Outline of wind energy

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The following outline is provided as an overview of and topical guide to wind energy:

  • Wind energy – the kinetic energy of air in motion, also called wind.

What type of thing is wind energy?[edit]

Wind energy can be described as all of the following:

  • Energy – an indirectly observed quantity, often understood as the ability a physical system has to do work on other physical systems.
    • Renewable energy – energy which comes from natural resources which are naturally replenished.
  • Natural resource – materials and components (something that can be used) that can be found within the environment. Every man-made product is composed of natural resources (at its fundamental level). A natural resource may exist as a separate entity such as fresh water, and air, as well as a living organism such as a fish, or it may exist in an alternate form which must be processed to obtain the resource such as metal ores, oil, and most forms of energy.
    • Renewable resource – natural resource with the ability to reproduce through biological or natural processes and are replenished with the passage of time.

Source of wind energy[edit]

  • Atmosphere – a layer of gases that may surround a material body of sufficient mass, and that is held in place by the gravity of the body.
    • Wind – the flow of gases on a large scale. Wind is composed of:
      • Air – the gas found in the Earth's atmosphere. Air is mainly composed of nitrogen, oxygen, and argon, which together constitute the major gases of the atmosphere.
        • Gas – one of the three classical states of matter (the others being liquid and solid).
      • Motion – change in position of an object (including particles) with respect to time. Motion is typically described in terms of velocity, acceleration, displacement and time. Flow is a type of motion.

History of wind energy[edit]

  • History of wind power – has been used as long as humans have put sails into the wind.
    • Maritime history – The Ancient Egyptians had knowledge to some extent of sail construction.[1]
      • History of sails – The earliest known depictions of sails are from ancient Egypt around 3200 BCE, where reed boats sailed upstream against the River Nile's current.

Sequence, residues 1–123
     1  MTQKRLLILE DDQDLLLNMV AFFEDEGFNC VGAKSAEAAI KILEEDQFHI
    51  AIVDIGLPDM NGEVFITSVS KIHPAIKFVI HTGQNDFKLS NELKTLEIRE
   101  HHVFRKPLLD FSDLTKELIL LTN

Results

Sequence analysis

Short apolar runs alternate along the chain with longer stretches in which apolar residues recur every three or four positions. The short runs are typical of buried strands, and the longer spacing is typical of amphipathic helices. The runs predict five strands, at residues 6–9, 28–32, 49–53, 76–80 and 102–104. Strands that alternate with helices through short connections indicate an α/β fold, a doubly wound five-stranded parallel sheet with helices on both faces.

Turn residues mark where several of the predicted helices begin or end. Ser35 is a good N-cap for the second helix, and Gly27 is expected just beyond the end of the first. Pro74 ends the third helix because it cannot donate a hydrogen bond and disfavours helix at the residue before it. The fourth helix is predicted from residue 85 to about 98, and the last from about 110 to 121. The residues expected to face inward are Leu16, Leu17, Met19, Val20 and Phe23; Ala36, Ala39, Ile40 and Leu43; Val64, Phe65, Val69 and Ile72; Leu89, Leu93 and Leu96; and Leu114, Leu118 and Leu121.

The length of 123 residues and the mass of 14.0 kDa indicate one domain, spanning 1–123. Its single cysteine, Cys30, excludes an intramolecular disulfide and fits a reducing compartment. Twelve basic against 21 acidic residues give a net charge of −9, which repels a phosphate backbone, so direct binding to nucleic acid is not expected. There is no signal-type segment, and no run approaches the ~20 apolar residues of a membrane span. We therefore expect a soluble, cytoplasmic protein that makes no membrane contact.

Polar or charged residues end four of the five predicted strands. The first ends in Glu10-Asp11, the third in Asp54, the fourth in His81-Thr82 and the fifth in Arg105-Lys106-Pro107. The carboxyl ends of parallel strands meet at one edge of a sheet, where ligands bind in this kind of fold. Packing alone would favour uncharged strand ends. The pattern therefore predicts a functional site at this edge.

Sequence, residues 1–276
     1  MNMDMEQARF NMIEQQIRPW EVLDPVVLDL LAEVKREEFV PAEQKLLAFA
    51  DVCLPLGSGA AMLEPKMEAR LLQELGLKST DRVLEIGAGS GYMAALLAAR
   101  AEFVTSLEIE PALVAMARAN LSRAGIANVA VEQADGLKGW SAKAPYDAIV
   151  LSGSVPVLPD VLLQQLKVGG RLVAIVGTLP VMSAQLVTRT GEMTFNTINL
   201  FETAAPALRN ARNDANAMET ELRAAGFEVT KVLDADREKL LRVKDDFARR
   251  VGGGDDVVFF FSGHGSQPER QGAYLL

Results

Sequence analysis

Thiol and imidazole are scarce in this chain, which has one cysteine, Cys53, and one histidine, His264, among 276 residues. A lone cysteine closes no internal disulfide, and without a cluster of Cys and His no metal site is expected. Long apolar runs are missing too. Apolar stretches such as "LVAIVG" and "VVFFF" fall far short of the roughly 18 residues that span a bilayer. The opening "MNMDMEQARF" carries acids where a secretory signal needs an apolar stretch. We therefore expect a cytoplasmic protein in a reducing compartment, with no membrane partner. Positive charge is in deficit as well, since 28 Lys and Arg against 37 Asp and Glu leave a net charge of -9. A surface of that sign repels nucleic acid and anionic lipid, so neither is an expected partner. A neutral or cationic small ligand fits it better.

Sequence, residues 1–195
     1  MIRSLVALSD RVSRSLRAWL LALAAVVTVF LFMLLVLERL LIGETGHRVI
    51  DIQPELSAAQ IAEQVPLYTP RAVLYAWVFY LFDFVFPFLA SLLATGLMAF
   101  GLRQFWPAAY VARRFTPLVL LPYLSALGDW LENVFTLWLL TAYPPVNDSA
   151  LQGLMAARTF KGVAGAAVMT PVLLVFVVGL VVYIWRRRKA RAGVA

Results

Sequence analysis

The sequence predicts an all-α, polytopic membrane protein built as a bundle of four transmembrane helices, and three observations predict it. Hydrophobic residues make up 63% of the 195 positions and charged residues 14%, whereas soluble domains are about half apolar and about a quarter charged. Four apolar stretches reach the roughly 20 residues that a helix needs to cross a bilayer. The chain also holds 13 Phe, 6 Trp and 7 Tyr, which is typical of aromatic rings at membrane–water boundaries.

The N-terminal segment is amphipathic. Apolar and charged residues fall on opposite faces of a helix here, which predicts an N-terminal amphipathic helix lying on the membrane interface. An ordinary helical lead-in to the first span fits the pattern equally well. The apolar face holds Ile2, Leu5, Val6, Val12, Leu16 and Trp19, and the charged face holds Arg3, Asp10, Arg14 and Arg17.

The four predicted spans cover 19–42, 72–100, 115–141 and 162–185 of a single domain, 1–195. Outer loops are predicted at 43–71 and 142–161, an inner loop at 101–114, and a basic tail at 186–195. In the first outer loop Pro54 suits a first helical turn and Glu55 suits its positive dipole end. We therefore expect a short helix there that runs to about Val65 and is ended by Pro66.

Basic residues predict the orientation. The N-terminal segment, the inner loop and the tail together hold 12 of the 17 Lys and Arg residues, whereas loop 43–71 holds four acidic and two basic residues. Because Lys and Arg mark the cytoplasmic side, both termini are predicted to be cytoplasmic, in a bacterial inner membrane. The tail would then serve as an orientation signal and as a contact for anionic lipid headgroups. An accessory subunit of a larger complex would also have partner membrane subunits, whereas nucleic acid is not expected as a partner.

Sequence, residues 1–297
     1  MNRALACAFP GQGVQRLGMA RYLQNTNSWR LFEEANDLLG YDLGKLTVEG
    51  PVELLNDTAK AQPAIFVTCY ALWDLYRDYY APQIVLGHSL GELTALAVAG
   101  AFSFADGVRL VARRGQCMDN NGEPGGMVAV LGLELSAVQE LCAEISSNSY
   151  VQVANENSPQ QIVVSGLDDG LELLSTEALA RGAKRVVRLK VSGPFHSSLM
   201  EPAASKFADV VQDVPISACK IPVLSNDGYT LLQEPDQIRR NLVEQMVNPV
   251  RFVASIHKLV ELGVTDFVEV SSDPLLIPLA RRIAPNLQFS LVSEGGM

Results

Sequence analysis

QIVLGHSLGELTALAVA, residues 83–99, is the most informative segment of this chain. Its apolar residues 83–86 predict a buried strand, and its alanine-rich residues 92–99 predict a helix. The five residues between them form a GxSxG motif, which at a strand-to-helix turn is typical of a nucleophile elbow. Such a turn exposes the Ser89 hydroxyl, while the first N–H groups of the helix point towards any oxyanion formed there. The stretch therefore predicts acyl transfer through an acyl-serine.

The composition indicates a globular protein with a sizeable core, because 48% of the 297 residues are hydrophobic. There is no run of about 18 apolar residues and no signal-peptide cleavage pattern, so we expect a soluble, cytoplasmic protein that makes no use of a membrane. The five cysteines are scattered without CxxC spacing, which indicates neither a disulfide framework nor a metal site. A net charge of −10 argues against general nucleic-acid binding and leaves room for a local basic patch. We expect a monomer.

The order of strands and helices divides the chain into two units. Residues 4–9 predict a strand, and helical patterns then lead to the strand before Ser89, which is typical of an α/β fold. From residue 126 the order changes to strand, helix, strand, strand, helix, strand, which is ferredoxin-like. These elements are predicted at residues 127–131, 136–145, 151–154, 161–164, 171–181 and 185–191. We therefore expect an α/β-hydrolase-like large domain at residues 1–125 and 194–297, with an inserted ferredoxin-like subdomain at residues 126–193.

• Age of Sail – the period in which international trade and naval warfare were dominated by sailing ships, lasting from the 16th to the mid 19th century.

Wind power[edit]

Wind power – conversion of wind energy into a useful form of energy.

  • Intermittent energy source – any source of energy that is not continuously available due to some factor outside direct control. The intermittent source may be quite predictable, for example, tidal power, but cannot be dispatched to meet the demand of a power system.
  • Environmental impact of wind power – relatively minor compared to the environmental impact of traditional energy sources. Wind power consumes no fuel, and emits no air pollution, unlike fossil fuel power sources.
  • Wind power forecasting – estimating the expected production of wind farms.
  • Wind resource assessment – the process by which wind power developers estimate the future energy production of a wind farm.

Types of wind power[edit]

  • Wind turbine – a turbine that converts wind energy into mechanical energy.
  • Windmill – a machine which converts the energy of wind into rotational energy by means of vanes called sails or blades.
    • Windpump – a windmill used for pumping water, either as a source of fresh water from wells, or for draining low-lying areas of land.
  • Sail – any type of surface intended to move a vessel, vehicle or rotor by being placed in a wind – in essence a propulsion wing

Wind power industry[edit]

Wind power industryindustry involved with the design, manufacture, construction, and maintenance of wind turbines. The modern wind power industry began in 1979 with the serial production of wind turbines by Danish manufacturers. The industry is currently undergoing a period of rapid globalization and consolidation.

Wind farms[edit]